Goal #1 is complete, and goal #2 is nearly there. I put myself on editing lockdown over the weekend (no reading! no writing! just editing!) and ended up slashing and burning huge swaths of the story, from around 64k to 50k. The machete work is done, so now I have to fix a few spots and give it one last good edit before shipping it to beta. With a week left in the month, I should hit the deadline just fine. 🙂

After that? Well, I’m still still deciding. I have several WIPs to choose from:

  • The high school story that started as my 2011 NaNo project
  • The ghost story that was my other possible NaNo project
  • A trilogy based around the owners/employees of a GLBT bookstore
  • A disaster story (earthquakes and volcanoes! Wheee!)

And some others that I’ve got in the pipeline in various stages of completion.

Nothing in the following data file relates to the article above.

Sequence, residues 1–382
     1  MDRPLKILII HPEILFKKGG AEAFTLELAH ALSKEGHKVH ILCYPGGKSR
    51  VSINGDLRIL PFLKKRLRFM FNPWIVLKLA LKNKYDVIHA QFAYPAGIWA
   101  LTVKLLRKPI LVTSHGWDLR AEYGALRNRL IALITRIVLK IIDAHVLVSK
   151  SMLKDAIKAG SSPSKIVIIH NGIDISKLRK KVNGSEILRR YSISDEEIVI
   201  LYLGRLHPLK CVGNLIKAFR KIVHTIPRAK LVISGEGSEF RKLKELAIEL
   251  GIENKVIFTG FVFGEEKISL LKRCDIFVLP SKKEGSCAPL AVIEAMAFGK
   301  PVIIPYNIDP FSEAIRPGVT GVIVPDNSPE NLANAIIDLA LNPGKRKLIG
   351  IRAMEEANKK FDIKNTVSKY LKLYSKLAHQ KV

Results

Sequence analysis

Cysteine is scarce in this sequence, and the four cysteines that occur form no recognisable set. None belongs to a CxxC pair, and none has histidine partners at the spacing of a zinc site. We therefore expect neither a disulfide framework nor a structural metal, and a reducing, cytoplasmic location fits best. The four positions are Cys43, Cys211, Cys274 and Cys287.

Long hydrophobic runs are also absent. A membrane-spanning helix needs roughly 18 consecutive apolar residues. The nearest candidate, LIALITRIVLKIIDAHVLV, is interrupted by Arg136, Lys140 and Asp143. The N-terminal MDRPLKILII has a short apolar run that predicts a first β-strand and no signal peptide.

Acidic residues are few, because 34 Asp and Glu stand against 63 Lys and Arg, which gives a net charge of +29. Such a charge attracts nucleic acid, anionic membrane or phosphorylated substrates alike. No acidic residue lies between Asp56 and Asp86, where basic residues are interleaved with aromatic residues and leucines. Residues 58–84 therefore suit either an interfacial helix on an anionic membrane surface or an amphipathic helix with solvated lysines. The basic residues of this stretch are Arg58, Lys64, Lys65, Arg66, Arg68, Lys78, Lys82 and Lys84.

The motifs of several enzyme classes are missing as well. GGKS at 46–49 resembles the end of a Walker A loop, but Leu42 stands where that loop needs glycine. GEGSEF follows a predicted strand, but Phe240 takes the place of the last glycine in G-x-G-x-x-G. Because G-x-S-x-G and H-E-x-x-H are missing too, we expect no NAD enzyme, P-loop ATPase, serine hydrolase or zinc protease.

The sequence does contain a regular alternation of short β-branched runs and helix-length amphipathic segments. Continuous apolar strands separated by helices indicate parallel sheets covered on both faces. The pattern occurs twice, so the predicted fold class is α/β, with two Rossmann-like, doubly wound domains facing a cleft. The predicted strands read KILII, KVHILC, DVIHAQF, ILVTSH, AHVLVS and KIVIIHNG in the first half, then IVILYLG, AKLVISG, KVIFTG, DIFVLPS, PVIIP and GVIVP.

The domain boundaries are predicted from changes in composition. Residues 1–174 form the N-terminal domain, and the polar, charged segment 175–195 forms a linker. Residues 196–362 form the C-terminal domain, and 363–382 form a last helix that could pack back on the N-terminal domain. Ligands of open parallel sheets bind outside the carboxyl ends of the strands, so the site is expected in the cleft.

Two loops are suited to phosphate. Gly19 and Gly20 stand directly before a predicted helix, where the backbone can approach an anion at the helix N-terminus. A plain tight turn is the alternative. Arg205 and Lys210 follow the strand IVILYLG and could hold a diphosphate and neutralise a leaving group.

Decisions, decisions…

Motivation, Please?

I’m having a lot of trouble getting motivated to write these days. I still enjoy it, and I still get a lot done when I start; it’s the getting started part I can’t seem to manage.

I’m still working on two main writing projects, a fanfic bigbang story and an original novel, and I’m slowly revising a former fanfic story into an original. I had an idea this week for a Christmas story, so I’ve scribbled down some notes on that, too. 

I also have several editing/revising projects on my plate, but those aren’t as tough. I have first proofs for the novel, plus an original manuscript and a fanfic chapter to beta. Only the proofs have a strict deadline, but there’s not a lot to be done there. Editing doesn’t require as much effort or creativity as writing, though, at least for me.